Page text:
Group demanding Premier Ford Keeps Promise to Cancel Bala Falls Project
Photo Credit: Submitted by SaveTheBalaFalls.com
Opponents of a hydroelectric project in Bala are frustrated at Premier Doug Ford.
Save the Bala Falls is a group that has been opposing the hydroelectric project at Bala Falls for years, and as the construction enters its final year, they are looking to Premier Doug Ford to kill it completely. The project is located where Lake Muskoka flows into Moon River.
While campaigning earlier this year, Ford made a promise to Muskoka Lake residents that he would quote “drill down and find out who is part of the big scam.”
According to a member of the group trying to block the project, there are problems on a couple of fronts. Mitchell Shnier, who has a seasonal residence in the area, says there is a huge safety issue when water is released from the dam up to 21 times per summer and also the public will be overpaying for the electricity produced to the tune of $100 million over the forty years of the contract.
“We can show how the province can save literally billions of dollars by fixing the Liberal’s energy mess they have created over the last fifteen years,” explains Shnier.
The safety issue arises from modelling that shows potentially large releases downstream to the Moon River where Shnier says there is a very popular in-water recreation area. “They (Swift River Energy) are saying they will figure out safety later,” says Shnier.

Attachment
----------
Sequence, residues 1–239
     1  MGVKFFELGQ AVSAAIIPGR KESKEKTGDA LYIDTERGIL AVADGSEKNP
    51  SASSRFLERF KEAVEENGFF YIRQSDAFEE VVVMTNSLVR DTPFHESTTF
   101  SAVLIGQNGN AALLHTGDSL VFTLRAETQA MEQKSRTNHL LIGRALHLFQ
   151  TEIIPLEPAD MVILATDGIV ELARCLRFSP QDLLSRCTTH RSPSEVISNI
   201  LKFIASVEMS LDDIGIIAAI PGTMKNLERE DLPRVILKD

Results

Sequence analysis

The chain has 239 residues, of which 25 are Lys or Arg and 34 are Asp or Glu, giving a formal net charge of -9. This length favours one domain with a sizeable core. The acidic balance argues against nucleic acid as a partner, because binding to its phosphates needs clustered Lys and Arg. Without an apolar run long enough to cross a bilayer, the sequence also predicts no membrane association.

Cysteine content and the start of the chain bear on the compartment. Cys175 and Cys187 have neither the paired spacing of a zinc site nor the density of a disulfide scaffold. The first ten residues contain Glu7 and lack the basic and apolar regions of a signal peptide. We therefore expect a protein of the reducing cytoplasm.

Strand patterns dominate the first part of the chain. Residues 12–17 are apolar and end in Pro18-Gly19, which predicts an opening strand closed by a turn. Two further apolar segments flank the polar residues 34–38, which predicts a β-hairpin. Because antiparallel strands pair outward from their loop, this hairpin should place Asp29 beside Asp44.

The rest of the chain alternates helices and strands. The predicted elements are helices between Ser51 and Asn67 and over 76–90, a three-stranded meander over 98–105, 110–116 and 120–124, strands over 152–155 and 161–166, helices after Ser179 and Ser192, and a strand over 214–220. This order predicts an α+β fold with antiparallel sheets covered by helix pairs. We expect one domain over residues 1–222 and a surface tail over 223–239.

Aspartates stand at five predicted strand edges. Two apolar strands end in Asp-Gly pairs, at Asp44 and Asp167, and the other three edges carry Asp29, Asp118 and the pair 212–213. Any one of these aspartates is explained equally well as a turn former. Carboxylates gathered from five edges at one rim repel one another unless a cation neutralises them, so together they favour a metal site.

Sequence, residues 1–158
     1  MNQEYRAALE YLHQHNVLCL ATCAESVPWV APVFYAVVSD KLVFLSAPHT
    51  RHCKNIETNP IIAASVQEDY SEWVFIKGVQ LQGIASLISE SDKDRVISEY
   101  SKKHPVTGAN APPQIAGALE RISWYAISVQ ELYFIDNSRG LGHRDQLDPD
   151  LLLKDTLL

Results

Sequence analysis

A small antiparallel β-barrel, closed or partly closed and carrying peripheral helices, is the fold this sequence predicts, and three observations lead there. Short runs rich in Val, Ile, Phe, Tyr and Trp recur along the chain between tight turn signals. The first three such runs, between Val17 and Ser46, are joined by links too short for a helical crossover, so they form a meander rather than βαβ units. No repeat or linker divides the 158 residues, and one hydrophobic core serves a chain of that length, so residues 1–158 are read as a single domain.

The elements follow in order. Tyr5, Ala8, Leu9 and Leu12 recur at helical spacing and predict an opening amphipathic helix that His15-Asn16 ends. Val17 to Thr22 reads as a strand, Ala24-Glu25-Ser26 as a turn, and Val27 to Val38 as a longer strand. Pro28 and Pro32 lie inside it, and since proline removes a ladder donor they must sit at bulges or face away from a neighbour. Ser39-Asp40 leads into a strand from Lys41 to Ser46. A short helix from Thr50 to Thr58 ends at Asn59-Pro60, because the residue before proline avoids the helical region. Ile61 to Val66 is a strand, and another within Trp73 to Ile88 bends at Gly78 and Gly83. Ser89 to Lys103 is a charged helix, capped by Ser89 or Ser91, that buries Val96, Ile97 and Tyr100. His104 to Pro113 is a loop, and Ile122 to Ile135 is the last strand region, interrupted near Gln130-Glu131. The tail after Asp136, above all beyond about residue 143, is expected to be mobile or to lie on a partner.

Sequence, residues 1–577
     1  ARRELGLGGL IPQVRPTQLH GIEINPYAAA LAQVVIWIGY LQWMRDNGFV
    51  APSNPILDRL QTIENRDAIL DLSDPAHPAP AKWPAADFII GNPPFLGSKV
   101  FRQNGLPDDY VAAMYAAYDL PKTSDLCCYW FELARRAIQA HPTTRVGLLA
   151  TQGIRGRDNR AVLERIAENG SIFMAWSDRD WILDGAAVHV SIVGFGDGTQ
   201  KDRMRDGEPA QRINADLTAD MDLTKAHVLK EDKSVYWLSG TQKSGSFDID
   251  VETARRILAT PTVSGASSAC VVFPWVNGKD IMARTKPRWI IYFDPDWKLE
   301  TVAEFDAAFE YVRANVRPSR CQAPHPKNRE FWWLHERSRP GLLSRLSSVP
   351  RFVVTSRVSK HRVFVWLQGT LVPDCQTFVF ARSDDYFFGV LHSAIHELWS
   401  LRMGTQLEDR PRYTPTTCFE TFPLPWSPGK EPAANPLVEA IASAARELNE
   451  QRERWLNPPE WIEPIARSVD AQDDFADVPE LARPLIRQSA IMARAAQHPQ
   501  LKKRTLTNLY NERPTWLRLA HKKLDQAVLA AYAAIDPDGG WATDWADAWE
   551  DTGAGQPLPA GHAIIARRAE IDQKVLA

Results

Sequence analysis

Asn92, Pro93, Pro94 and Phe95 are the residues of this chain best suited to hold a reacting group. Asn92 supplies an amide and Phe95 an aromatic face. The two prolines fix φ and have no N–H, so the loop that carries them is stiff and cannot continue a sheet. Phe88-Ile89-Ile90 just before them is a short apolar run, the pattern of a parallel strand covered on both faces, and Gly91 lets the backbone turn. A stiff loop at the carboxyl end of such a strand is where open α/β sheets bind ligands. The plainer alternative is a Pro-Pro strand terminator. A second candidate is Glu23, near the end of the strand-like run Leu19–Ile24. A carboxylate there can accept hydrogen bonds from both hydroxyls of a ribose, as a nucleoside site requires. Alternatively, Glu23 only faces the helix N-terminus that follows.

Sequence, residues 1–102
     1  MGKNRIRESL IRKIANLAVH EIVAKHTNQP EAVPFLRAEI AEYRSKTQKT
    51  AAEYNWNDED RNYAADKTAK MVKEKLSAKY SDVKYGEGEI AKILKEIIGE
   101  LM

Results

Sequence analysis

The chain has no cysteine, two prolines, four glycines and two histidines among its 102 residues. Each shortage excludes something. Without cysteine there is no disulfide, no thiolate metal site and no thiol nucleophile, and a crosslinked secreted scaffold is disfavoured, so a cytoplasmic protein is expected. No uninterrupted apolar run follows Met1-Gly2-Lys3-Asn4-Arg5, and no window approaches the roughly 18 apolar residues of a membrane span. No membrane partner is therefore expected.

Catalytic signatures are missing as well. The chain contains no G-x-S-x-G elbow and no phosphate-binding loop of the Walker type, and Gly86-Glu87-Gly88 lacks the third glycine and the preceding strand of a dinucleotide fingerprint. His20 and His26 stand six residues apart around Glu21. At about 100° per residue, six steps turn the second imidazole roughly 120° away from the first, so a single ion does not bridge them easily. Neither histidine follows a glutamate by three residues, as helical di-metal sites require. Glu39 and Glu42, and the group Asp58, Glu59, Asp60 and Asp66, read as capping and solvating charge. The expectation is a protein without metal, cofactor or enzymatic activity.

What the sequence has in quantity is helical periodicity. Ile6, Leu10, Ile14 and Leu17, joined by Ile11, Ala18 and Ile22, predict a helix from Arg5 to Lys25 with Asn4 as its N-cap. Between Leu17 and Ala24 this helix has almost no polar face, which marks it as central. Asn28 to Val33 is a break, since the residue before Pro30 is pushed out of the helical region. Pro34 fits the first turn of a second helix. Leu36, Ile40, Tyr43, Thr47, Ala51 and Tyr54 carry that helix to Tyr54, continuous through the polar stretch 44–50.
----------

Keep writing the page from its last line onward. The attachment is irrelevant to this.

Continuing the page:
Vice President of Development Nhung Nguyen counters this statement, saying “I want to reassure the public that safety is our company’s top priority. Safety is also an important part of the oversight the province of Ontario provides on projects like ours.” Nguyen goes on to say that the safety plan is an ongoing document that is constantly going through governmental review.
While Shnier praises Premier Ford for keeping a number of his election promises, he fears this might be one that falls by the wayside.
Shnier says they would like to sit down with people within the premier’s office and show how they could cancel the project without risking lawsuits or large buyouts. When pressed for examples of how that would work Shnier would only say “there are a series of things we would need to talk to the government about first.”